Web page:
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Ruling camp revs up move on state history textbook

The government and the ruling Saenuri Party are accelerating moves to introduce state history textbooks for secondary education despite burgeoning opposition from academics, teachers and progressive voters.

The Saenuri Party held a discussion with Deputy Prime Minister and Minister of Education Hwang Woo-yea on Sunday afternoon and mapped out plans of unifying the history textbook publication under the government’s direct watch. Earlier this month, the party also launched a special committee aimed to improve the current textbooks that they claimed were confusing and self-depreciative about Korean history and politically biased as they were authored by leftist historians.

The main opposition New Politics Alliance for Democracy, in counteraction, held an emergency meeting and criticized what they said was President Park Geun-hye’s move to whitewash and glorify her late father former President’s Park Chung-hee’s iron-fisted rule in the 1960s and the ’70s.

NPAD floor leader Rep. Lee Jong-kul proposed the Saenuri Party to hold a parliamentary investigation into the current textbooks and the authorization process before pushing ahead with introducing the new system.

His proposal was in response to Saenuri Rep. Lee Jung-hyun’s earlier comment that the controversial makeup of current textbooks that brought division and bias requires a national audit. Lee is one of President Park’s closest aides.

While the ministry is yet to make an official announcement of its decision -- which is slated to happen early this week -- the ruling camp is said to have prepared for the introduction of the state-authored textbook upon President Park’s orders.

In February last year, Park told the Education Ministry to “prepare measures to improve, such as by developing a balanced history textbook based on facts.”

Sources have said that the government appears to have decided to have a state-run agency author the textbook under its supervision, noting that reinforcing the authorization process would fall short of serving its purpose as the progressive Korean Teachers and Educational Workers Union would block selection of certain textbooks. The government has claimed that of the eight textbooks currently published by private houses, only one is conservative and the other seven are authored by mostly the same leftist authors.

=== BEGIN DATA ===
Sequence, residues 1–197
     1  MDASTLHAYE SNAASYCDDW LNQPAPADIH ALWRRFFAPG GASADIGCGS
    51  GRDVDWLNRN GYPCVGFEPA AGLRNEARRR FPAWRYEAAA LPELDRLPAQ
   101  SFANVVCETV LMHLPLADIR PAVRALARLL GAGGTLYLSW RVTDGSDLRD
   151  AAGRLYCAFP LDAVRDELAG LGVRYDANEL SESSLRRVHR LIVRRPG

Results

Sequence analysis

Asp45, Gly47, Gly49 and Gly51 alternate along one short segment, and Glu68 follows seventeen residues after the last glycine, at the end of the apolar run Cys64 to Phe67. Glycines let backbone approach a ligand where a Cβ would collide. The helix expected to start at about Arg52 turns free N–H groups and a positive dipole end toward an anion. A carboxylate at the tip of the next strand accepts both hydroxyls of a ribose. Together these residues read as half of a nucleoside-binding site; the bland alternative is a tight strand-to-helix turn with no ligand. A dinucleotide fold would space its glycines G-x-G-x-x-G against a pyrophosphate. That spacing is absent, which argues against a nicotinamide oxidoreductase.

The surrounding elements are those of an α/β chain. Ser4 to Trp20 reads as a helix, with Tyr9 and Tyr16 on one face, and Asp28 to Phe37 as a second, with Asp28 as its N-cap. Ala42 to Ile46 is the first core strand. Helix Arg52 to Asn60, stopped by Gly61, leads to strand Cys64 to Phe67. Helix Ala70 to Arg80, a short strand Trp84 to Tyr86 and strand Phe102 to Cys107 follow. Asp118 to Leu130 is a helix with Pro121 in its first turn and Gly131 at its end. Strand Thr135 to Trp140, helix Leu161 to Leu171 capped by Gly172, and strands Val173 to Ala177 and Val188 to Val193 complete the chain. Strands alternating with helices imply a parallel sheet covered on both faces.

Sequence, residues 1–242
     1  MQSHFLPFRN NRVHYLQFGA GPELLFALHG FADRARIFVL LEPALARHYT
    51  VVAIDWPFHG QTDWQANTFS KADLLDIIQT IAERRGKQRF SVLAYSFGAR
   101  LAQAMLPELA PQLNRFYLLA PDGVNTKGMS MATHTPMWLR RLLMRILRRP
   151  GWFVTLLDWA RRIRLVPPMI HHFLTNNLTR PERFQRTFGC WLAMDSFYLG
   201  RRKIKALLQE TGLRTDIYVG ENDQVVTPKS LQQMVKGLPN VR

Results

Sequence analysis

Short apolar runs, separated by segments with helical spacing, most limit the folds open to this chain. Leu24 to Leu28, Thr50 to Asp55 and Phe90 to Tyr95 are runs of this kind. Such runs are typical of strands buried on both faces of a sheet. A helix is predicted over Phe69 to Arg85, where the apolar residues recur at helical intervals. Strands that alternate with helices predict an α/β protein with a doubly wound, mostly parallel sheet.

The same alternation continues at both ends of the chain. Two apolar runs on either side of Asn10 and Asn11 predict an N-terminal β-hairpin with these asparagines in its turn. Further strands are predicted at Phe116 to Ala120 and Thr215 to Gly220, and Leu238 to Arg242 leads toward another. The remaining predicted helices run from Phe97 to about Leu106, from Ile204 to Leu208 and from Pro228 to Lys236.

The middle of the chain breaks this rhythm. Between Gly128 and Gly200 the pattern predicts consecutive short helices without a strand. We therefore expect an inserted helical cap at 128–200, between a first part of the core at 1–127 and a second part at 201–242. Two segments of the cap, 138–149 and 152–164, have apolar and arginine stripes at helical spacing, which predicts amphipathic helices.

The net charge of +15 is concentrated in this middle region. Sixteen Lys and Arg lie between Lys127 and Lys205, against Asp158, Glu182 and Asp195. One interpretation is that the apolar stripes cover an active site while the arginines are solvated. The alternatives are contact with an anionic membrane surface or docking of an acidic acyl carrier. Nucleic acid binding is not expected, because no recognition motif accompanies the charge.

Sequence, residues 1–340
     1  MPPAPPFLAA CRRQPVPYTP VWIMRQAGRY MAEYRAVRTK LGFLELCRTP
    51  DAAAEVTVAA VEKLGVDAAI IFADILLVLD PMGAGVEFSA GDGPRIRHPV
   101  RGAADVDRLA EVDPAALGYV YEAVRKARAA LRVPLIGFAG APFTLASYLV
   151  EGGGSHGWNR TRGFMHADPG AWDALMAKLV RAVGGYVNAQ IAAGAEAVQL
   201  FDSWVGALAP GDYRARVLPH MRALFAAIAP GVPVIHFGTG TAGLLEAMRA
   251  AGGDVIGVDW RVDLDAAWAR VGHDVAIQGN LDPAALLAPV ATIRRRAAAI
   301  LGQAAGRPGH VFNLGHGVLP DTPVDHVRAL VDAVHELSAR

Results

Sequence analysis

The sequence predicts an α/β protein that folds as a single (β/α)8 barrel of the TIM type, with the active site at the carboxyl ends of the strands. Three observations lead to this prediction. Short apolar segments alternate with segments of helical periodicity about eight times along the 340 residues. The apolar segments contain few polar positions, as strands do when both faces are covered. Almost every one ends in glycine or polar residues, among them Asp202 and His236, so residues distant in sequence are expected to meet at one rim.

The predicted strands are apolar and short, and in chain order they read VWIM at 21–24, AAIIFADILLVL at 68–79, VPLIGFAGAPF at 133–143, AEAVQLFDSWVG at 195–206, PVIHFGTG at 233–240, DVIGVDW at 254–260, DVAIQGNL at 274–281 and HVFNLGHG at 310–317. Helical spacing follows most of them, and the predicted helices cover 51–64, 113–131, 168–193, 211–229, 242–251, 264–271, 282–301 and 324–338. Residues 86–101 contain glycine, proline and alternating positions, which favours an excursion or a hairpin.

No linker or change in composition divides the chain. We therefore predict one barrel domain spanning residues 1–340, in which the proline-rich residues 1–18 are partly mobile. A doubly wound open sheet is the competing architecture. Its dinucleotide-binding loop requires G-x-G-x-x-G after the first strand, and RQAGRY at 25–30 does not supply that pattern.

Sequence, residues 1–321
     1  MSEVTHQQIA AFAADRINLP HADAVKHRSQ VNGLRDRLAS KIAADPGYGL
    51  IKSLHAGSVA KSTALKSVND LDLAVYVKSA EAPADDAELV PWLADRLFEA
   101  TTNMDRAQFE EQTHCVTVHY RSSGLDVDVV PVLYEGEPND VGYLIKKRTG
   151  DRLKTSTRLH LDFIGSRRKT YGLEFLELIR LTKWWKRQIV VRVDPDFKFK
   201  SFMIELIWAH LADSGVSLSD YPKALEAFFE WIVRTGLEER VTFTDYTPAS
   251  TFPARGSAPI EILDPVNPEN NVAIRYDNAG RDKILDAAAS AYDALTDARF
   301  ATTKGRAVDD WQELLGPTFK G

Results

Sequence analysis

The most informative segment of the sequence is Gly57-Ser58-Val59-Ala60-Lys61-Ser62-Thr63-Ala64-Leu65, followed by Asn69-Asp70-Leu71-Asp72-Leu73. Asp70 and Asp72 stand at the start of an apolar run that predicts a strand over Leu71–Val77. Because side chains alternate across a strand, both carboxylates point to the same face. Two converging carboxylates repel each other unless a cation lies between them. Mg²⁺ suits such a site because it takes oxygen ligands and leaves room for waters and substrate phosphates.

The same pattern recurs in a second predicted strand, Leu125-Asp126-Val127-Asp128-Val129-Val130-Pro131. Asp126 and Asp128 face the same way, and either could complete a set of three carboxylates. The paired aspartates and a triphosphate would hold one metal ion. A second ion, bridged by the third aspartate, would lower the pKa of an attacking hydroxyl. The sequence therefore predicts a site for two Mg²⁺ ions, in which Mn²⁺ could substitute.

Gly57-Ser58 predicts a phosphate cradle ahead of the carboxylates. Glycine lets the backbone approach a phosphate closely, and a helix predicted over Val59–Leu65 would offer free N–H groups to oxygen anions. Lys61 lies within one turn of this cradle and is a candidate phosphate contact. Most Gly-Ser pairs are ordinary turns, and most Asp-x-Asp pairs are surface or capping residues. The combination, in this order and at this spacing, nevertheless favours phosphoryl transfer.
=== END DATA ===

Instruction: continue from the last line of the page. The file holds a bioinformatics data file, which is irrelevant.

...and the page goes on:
Sunday’s meeting was presided by Saenuri chief policymaker Rep. Kim Jung-hoon, and also attended by chairwoman of the special history textbook committee Rep. Kim Eul-dong. They reportedly shared views that current history education was being manipulated by the leftists’ ideological and political purposes and that normalization of the textbook was necessary for a balanced view on history and integration of the people.

They also reportedly discussed ways to promote the move to the general public, such as by distributing casebooks to parents and students with a list of distorted and erroneous historical events and interpretations written in the current textbooks. The special committee is also set to produce various programs tailored for social networking platforms as well as arranging public hearings and seminars.

“Some from the opposition are suggesting that the history textbook issue is relevant to the incumbent government’s ideological propensity, but that is absurd,” said Rep. Kang Eun-hee, a member of the special committee.

The opposition, meanwhile, has been taking issue with what they said was President Park’s long-held goal of “setting straight” the accomplishments of her father ever since he was assassinated by his intelligence chief in 1979.

They are said to be contemplating holding rallies and moving to link the government’s move with other key issues that they hold sway to, such as the approval of major economic or budget bills. They are also reportedly considering pushing for the resignation of the education minister.

“It took years of democratic movements to change the state-authored textbook, the remnant of Yushin, to state authorization. No conspiracy that attempts to turn back time of the Republic of Korea will succeed,” said NPAD spokesman Kim Sung-soo. Yushin refers to the constitutional amendment by the Park Chung-hee administration that allowed him to stay in power.

The minor Justice Party also vowed to fight alongside NPAD against the government’s move.

“The Education Ministry and the ruling party claim that the authors of the textbook are leaning to the left. But such an argument is based on data compiled by ultrarightist groups,” said Justice Party floor leader Rep. Jeong Jin-hoo.

Currently, eight private publishing companies print history textbooks for middle and high schools after getting approval from the government. The schools then can choose any of the eight publishers’ textbooks. Elementary schools have been using state-authorized history textbooks throughout.

The government was in charge of publishing history textbooks from 1973 to 2009. In 2010, it began allowing approved private publishing companies to print history textbooks.

From news reports





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